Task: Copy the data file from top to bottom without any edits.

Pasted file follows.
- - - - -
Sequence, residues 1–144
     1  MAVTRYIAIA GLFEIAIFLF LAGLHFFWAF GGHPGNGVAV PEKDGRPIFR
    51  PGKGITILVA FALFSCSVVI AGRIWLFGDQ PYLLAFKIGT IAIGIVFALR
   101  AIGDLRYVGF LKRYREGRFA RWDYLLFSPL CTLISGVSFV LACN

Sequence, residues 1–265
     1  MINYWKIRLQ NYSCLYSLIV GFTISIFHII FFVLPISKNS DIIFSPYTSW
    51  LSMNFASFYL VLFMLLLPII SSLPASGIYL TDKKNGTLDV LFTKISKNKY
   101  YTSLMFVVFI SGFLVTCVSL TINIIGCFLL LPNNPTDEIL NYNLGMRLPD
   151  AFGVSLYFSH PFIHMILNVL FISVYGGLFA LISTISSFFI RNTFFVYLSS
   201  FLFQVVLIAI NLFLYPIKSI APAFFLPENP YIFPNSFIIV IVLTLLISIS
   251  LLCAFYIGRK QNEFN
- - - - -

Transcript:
Sequence, residues 1–144
     1  MAVTRYIAIA GLFEIAIFLF LAGLHFFWAF GGHPGNGVAV PEKDGRPIFR
    51  PGKGITILVA FALFSCSVVI AGRIWLFGDQ PYLLAFKIGT IAIGIVFALR
   101  AIGDLRYVGF LKRYREGRFA RWDYLLFSPL CTLISGVSFV LACN

Sequence, residues 1–265
     1  MINYWKIRLQ NYSCLYSLIV GFTISIFHII FFVLPISKNS DIIFSPYTSW
    51  LSMNFASFYL VLFMLLLPII SSLPASGIYL TDKKNGTLDV LFTKISKNKY
   101  YTSLMFVVFI SGFLVTCVSL TINIIGCFLL LPNNPTDEIL NYNLGMRLPD
   151  AFGVSLYFSH PFIHMILNVL FISVYGGLFA LISTISSFFI RNTFFVYLSS
   201  FLFQVVLIAI NLFLYPIKSI APAFFLPENP YIFPNSFIIV IVLTLLISIS
   251  LLCAFYIGRK QNEFN